How many viewings should you expect?
“In the current busy market in Margate and the surrounding areas, we look to have a surge of viewings within the first week with offers coming in – if this isn’t the case then a price reduction or amendments to the details could certainly help,” said Vicki Field of Cooke & Co, based in Kent.
“Check the demand,” suggests Jennifer Butler, Trading Places of Leytonstone in London. “As a proactive estate agent, we monitor internet click through rates and constantly review market activity for all types of property. Some property types will be more in demand than others so it’s important to know the current market and manage the seller’s expectations, especially when it comes to the number of viewings they should expect to receive.”
Could a lack of viewings just be one of those things? “Sometimes it's just a blip. Viewings can be like buses. None for ages then three at once,” says Linda Mortimer, Mortimers Estate Agents, Woodbridge.
“There will be a week or two where things go quiet. This is when your agent needs to retake pictures and move things around on the websites and window displays. A refresh is always a good idea.”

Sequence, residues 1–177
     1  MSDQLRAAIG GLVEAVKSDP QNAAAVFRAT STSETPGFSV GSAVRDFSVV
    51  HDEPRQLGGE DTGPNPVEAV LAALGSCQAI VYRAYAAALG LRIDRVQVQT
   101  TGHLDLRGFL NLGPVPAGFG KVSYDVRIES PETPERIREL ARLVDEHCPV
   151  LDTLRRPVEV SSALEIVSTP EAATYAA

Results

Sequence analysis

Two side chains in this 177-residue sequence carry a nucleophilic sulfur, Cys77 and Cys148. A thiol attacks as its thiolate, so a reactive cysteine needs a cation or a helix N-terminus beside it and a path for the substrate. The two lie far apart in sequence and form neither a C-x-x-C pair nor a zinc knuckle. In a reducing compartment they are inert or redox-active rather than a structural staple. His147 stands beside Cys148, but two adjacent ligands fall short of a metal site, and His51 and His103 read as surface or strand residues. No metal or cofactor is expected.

Be prepared early, advises Nicole Woolley, Goodwin Property, Stamford. “Don’t forget you will see about five or six times as many people in the first couple of weeks as the subsequent weeks – make sure everything is ready and that your agent is fully briefed.”
How many people should you expect, though? “Viewing in the first month is important and if ten people are not through the door, things need to be changed,” advises Jamie Fisher from Taylor Milburn in Essex.
quarter-century of experience under their belts, there’s no better time to
celebrate some of our most experienced agents. Buying or selling, whether it’s
a seven-bedroom country home or a beach hut, these are the agents who have seen